Exploring the versatility of metal(III) substitutions in lead-free double halide perovskites by high-throughput approaches
Oleksand Stroyuk a, Oleksandra Raiveska a, Jens Haus a b, Christoph Brabec a b
a Helmholtz Institute Erlangen-Nürnberg for Renewable Energy (HI ERN), Cauerstraße, 1, Erlangen, Germany
b 2Friedrich-Alexander-Universität Erlangen-Nürnberg, Materials for Electronics and Energy Technology
nanoGe Fall Meeting
Proceedings of Materials for Sustainable Development Conference (MAT-SUS) (NFM22)
#PbFreePero - The potential of lead-free perovskites: synthesis, properties, and applications
Barcelona, Spain, 2022 October 24th - 28th
Organizers: Loreta A. Muscarella, Eline Hutter and Henk Bolink
Contributed talk, Oleksand Stroyuk, presentation 357
DOI: https://doi.org/10.29363/nanoge.nfm.2022.357
Publication date: 11th July 2022

Lead-free double halide perovskites AIMIMIIIX6 (A,M – metal cations, X – halide anions) offer unprecedented variability of structures and compositions, with all four positions variable independently resulting in many thousands of possible compounds for the same set of constituent elements. A detailed screening of the properties of these huge families of compounds requires application of a combination of high-throughput synthetic (HTP) approaches with HTP characterization and HTP testing for possible applications related to light conversion and emission.

We have developed a “green” protocol for a HTP synthesis of brightly luminescent lead-free microcrystalline Cs2AgxNa1-xBiyIn1-yCl6 (CANBIC) perovskite phosphors absorbing strongly in UV range and emitting broadband photoluminescence (PL) in the visible range with PL quantum yields reaching 98±2% for specific compositions with x = 0.35-0.40 and y = 0.01-0.02. The CANBIC perovskites revealed high stability of spectral properties during many months of ambient storage, thermal stability at open air till 200-250 oC and photochemical stability under UV illumination, making these compounds highly promising for applications in luminescent solar light concentrators and down-shifters. Our HTP approach to CANBIC perovskites includes robot-assisted automated synthesis with any desirable x and y steps combined with HTP spectral charcterization which includes absorption, PL, PL excitation, and Raman spectroscopy as well as time-resolved PL characterization, allowing many hundreds of samples to be produced and characterized in a single working session.

This HTP approach was expanded to other CANBIC-like perovskites, produced either by substituting InIII with SbIII, or by substituting BiIII with FeIII. In the first case we developed a HTP protocol for the synthesis of Cs2AgxNa1-xBiySb1-yCl6 (CANBSC) perovskites with x and y fractions varied independently from 0 to 1. The CANBSC perovskites can be converted into Cs2AgxNa1-xBiySb1-yBr6 (CANBSB) and Cs3Bi2ySb2(1-y)I9 (CBSI) perovskites by a single-step anionic exchange with NaBr and NaI, respectively. These compounds reveal a band-bowing effect, the bandgaps of mixed perovskites being typically lower than those of corresponding individual BiIII- and SbIII-based perovskites. For CANBSC and CANBSB compounds the band-bowing effect was found to increase with an increase of the silver fraction. The lowest bandgaps reached were 2.47 eV for CANBSB and 2.08 eV for CBSI both at x = y = 0.50.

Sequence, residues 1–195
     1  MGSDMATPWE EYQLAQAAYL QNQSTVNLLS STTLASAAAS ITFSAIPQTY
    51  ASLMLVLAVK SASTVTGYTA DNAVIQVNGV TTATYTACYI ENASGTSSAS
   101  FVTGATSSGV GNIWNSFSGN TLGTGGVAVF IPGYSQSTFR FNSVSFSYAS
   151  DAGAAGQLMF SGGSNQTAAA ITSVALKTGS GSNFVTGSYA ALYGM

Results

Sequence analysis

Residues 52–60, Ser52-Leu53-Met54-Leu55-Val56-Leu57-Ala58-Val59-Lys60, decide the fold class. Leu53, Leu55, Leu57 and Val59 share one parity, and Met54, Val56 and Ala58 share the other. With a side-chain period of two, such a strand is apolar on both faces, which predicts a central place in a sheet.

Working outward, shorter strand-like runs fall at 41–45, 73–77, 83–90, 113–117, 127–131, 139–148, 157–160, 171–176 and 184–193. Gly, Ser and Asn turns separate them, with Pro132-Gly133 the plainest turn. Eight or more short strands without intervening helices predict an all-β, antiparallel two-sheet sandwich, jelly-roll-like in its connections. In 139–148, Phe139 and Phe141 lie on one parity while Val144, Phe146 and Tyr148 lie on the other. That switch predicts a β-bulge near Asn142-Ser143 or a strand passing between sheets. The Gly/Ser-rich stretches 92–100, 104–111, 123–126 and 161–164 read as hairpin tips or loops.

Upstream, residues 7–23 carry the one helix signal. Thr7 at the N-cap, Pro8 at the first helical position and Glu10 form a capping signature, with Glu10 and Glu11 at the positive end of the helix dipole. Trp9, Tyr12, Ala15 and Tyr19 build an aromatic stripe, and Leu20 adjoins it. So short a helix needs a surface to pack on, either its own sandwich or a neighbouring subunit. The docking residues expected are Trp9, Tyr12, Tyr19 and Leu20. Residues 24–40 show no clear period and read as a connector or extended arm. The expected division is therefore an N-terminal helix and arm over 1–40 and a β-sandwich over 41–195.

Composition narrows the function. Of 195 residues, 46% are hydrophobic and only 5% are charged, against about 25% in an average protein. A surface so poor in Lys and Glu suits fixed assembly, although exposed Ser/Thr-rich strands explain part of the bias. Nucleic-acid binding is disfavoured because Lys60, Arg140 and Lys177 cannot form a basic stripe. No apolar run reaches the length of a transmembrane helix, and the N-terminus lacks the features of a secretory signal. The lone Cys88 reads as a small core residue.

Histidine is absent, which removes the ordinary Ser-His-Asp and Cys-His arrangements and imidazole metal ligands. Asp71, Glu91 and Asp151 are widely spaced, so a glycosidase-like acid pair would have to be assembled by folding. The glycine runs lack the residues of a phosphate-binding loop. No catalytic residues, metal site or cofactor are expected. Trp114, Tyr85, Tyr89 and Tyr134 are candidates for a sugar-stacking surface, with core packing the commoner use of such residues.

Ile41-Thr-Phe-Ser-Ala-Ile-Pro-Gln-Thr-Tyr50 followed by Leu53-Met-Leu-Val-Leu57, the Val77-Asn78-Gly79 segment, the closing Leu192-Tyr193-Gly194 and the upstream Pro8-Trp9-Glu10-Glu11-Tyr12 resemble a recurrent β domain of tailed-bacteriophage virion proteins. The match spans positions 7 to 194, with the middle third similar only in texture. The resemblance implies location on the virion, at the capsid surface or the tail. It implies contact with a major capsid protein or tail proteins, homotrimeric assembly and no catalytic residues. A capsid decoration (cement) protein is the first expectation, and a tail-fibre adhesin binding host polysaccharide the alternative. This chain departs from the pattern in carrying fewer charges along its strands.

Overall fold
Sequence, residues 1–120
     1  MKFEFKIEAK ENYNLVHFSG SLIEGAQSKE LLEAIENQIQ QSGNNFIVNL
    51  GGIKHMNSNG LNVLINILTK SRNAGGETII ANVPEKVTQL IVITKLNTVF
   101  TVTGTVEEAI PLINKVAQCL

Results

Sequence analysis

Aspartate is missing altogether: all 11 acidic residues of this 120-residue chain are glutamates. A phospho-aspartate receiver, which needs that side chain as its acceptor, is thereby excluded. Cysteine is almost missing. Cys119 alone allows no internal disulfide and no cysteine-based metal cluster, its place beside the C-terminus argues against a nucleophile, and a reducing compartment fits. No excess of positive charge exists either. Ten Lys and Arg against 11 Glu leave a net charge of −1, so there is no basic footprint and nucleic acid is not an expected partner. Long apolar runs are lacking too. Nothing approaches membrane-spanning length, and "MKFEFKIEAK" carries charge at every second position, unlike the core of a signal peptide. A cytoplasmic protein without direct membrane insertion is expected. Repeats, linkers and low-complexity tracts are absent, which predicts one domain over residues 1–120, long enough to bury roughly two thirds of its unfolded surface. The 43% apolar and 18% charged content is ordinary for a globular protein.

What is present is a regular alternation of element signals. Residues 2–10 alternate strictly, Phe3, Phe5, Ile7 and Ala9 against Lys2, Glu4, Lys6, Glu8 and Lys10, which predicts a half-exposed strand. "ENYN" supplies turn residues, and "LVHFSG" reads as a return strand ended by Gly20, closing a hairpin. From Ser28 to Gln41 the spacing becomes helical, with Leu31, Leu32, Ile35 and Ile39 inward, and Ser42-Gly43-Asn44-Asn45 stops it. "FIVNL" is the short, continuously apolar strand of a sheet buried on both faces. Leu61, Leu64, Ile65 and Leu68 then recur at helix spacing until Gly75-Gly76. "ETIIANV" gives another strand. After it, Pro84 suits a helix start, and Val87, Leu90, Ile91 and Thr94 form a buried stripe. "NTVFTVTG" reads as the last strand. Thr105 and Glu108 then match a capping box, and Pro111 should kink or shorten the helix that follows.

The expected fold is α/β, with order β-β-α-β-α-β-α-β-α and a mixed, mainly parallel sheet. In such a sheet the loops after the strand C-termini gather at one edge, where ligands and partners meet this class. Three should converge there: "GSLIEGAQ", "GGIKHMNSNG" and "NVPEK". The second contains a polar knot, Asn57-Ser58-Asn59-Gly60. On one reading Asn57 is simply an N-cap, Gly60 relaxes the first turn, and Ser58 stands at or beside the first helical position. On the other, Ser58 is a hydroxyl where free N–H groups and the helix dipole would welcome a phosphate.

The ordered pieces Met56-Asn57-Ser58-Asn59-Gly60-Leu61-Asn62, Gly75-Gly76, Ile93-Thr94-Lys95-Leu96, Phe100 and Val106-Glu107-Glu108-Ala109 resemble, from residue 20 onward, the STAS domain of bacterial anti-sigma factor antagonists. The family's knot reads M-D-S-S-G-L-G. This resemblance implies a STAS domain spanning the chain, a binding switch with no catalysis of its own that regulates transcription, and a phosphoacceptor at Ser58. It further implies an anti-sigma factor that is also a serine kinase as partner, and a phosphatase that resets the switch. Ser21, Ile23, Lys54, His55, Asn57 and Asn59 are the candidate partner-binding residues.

We found that BiIII in CANBIC perovskite can be partially or completely substituted by FeIII resulting in the latter case in Cs2AgxNa1-xFeyIn1-yCl6 (CANFIC) perovskites showing strong absorbance in the visible spectral range and a high environmental stability. A special feature of CANFIC compounds is a structure-directing influence of In on the formation of perovskite phase. While for y = 1.00 only a multi-phase mixture can be obtained in our conditions, introduction of mere 1% InIII steers the precipitation exclusively to the formation of cubic perovskite phase with no other phases detectable. The lowest bandgap reached so far is ca. 2.0 eV for x = 1.00 and y = 0.95-0.99. Anionic exchange of CANFIC did not result in stable single-phase bromide and iodide compounds. A similar structure-directing effect was also found for BiIII and SbIII introduced instead of InIII. Our preliminary results show the feasibility of introducing simultaneously three MIII metals, for example, BiIII, InIII, and FeIII, into the chloride perovskite while preserving the single-phase solid-solution character of the final products, opening broad possibilities for the compositional design of the optical properties. The unique variability of the MIII site of these double perovskites will be addressed in future using the combined HTP approach to the synthesis and characterization developed earlier for CANBIC perovskite phosphors.

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